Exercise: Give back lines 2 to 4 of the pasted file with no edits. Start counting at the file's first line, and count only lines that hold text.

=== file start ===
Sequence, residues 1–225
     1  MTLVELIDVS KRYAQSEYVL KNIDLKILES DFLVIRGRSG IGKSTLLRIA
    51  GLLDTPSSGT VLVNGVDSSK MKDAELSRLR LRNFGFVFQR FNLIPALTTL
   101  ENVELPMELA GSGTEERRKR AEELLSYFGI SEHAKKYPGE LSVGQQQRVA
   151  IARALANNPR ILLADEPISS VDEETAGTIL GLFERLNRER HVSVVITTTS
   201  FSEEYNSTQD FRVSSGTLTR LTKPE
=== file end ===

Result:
     1  MTLVELIDVS KRYAQSEYVL KNIDLKILES DFLVIRGRSG IGKSTLLRIA
    51  GLLDTPSSGT VLVNGVDSSK MKDAELSRLR LRNFGFVFQR FNLIPALTTL
   101  ENVELPMELA GSGTEERRKR AEELLSYFGI SEHAKKYPGE LSVGQQQRVA